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IBM should reveal truth about engineering layoffs

Posted: 06 May 2009     Print Version  Bookmark and Share

Keywords:offshoring  high-technology company  engineering jobs 

Perhaps more than any other U.S. high-technology company, IBM Corp. has been subjected to intense media scrutiny in the aftermath of a string of recent under-the-radar layoffs. Much of that unwanted attention is a direct result of union activism that has taken on a decidedly "we're mad as hell and we're-not going to take it anymore" tone. Following an IBM shareholder meeting last week, fighting words like "greed" were being lobbed like hand grenades.

For its own reasons, IBM executives continue to say little about company layoffs. That policy has backfired, attracting still more scrutiny and criticism.

Instead, IBM has launched what appears to be a counteroffensive intended to defuse union criticism of its estimated 10,000 layoffs (a union estimate) and the offshoring of U.S. engineering jobs. For example, the company announced last week that it would create a network of "analytic centres" that would employ up to 4,000 analytics consultants. Good news, unless you're a laid-off engineer.

IBM is hardly alone in seeking to cut labour costs by shipping jobs overseas, but the timing and handling of its personnel moves have been seized upon by its critics as engineering unemployment has soared.

We have asked IBM about its recent layoffs, but the company has declined to comment. For the record, J. Randall MacDonald, IBM's senior vice president for human resources, told The New York Times in March that it is routine for the company to lay off some employees while hiring elsewhere. "This business is in a constant state of transformation," MacDonald said. "I think of this as business as usual for us."

The Times article also chronicled how IBM and other companies have scattered their layoffs, presumably to remain under the radar as worker rage intensifies.

Former IBM workers provide a different perspective from MacDonald's, noting that the company reported strong quarterly results in January. One engineer recently laid off by IBM told the Times that the company is using the downturn "as an excuse to lay people off."

Offshoring debate
The nasty tone of the offshoring debate is a symptom of economic uncertainty and plain old fear about the future. Workers, especially engineers, see no end to the mounting pile of pink slips. Many U.S. corporations are now so fearful of a backlash that an unprecedented number of high-tech H-1B visas for fiscal 2009 have gone unused. Industry backers of H-1B point to the current surplus of high-tech visas as an indication that market forces have corrected any abuses of the programme.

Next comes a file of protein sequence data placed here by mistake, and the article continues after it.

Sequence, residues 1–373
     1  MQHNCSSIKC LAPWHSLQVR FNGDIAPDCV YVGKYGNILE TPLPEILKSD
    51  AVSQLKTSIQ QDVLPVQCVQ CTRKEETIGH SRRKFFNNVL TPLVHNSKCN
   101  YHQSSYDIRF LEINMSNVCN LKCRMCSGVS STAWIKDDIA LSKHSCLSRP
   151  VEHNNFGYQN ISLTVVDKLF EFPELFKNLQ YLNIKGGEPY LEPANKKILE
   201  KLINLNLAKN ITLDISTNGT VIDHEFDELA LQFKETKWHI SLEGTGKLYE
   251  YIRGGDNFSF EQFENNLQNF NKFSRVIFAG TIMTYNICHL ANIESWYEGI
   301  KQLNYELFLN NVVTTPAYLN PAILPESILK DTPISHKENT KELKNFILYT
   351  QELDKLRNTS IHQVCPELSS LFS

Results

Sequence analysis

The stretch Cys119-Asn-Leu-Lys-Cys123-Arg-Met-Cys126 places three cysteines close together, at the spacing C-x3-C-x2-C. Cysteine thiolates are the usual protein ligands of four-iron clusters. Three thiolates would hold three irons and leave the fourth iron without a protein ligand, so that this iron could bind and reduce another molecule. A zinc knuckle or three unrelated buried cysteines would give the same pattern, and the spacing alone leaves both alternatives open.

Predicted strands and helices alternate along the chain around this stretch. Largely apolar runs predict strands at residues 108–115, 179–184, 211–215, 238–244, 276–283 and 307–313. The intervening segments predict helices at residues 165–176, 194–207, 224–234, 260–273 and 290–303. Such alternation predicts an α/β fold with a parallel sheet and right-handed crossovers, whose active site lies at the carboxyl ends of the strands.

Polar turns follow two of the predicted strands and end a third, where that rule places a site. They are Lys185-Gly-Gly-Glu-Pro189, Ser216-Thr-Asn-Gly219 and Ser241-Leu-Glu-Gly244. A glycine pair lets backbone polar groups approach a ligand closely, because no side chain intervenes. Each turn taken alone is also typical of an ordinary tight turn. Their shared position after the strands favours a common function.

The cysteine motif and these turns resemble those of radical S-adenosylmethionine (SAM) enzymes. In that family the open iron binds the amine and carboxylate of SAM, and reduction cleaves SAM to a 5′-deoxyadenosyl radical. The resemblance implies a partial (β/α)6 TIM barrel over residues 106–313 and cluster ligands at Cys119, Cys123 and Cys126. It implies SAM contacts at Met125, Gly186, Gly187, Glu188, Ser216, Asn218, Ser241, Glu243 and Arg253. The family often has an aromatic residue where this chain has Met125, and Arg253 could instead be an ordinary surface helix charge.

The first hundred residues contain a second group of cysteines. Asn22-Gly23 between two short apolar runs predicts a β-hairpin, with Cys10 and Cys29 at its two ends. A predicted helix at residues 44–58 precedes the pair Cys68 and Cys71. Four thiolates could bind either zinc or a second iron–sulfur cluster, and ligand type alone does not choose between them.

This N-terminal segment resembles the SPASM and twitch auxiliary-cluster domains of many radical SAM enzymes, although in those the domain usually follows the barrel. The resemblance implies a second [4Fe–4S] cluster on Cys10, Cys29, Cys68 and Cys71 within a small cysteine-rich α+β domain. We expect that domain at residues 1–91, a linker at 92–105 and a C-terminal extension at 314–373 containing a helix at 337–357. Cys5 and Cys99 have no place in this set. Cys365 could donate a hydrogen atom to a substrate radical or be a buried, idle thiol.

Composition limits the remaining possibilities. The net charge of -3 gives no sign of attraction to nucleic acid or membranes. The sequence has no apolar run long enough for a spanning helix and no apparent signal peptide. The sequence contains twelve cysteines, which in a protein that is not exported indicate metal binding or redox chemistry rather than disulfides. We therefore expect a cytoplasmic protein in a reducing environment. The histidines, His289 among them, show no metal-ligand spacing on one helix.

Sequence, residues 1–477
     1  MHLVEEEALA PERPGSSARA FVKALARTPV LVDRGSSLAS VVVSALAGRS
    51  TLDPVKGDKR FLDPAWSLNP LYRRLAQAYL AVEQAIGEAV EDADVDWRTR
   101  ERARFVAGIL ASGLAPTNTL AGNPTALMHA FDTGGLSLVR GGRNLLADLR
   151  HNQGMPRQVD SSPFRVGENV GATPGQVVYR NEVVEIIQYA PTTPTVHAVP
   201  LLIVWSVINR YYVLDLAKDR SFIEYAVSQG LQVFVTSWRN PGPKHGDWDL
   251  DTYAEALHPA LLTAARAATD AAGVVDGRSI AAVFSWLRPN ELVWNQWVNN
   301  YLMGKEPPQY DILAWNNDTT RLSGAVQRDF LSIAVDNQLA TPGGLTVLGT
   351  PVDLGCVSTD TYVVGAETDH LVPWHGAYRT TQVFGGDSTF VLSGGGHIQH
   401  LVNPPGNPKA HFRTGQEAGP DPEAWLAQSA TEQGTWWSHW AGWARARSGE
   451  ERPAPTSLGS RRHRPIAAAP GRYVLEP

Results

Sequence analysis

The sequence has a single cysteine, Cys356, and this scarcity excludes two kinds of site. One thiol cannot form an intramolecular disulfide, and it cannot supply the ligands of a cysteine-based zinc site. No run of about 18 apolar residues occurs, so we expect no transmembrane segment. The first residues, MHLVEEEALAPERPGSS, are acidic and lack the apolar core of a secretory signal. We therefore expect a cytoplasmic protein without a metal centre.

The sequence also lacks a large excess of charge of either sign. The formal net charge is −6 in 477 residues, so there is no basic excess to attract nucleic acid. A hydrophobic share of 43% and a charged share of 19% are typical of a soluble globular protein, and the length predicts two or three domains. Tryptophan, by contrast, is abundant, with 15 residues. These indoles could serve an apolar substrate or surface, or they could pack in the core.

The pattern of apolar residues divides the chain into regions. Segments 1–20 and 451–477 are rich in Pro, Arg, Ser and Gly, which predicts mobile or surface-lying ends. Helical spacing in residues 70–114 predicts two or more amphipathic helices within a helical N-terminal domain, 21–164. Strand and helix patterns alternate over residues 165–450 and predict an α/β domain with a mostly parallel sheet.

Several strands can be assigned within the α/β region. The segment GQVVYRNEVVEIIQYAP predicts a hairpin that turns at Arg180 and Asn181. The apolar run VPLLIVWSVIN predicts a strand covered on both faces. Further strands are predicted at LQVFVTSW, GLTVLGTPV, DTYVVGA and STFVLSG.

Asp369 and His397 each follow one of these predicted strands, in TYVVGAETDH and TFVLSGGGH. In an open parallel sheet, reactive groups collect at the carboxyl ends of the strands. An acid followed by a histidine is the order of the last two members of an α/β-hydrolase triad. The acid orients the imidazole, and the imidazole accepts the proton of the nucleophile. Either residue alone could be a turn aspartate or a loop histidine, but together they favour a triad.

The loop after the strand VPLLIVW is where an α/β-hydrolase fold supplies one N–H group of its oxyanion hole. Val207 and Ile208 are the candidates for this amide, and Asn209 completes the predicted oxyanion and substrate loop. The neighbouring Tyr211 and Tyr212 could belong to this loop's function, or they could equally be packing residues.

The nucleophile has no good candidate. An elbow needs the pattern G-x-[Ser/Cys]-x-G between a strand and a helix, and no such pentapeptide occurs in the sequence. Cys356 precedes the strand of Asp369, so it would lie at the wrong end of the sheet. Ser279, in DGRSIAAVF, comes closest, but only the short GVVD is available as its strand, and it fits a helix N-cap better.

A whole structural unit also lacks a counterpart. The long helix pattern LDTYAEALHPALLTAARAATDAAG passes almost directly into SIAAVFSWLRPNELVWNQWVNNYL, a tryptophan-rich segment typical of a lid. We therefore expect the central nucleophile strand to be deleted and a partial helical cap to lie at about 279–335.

Union officials would counter that H-1B visas represent a government subsidy to industry that ultimately allows it to ship skilled jobs with decent wages overseas in the name of saving labour costs.

Legislation introduced in the U.S. Senate on April 23 seeks to reform the H-1B and L-1 visa programmes by stamping out industry abuse and fraud.

"The H-1B visa programme should complement the U.S. workforce, not replace it," Sen. Richard Durbin (D-Ill.), who co-sponsored the proposed H-1B and L-1 Visa Reform Act with Sen. Charles Grassley (R-Iowa), said in introducing the legislation.

The 210,000-member IEEE-USA said last week that it supported the legislation. In a letter to Durbin and Grassley, the engineering group reiterated its position that permanent, skills-based immigration is "a more appropriate strategy than temporary visas to help meet the workforce needs of the U.S. high-tech industry."

Other industry groups argue that IEEE-USA's position doesn't go far enough. While some engineering groups are likely to support the spirit of the H-1B reform bill, many can be expected to question the continuance of a programme that is deeply resented by the engineering rank and file in the United States.

We will continue to cover both sides of the offshoring debate. In the meantime, the public discourse on the jobs issue would be better served if high-tech companies like IBM were more forthcoming about their employment policies, particularly offshoring.

Corporations and their workers must find common ground if the U.S. technology industry is to climb out of the economic morass.

- George Leopold
EE Times

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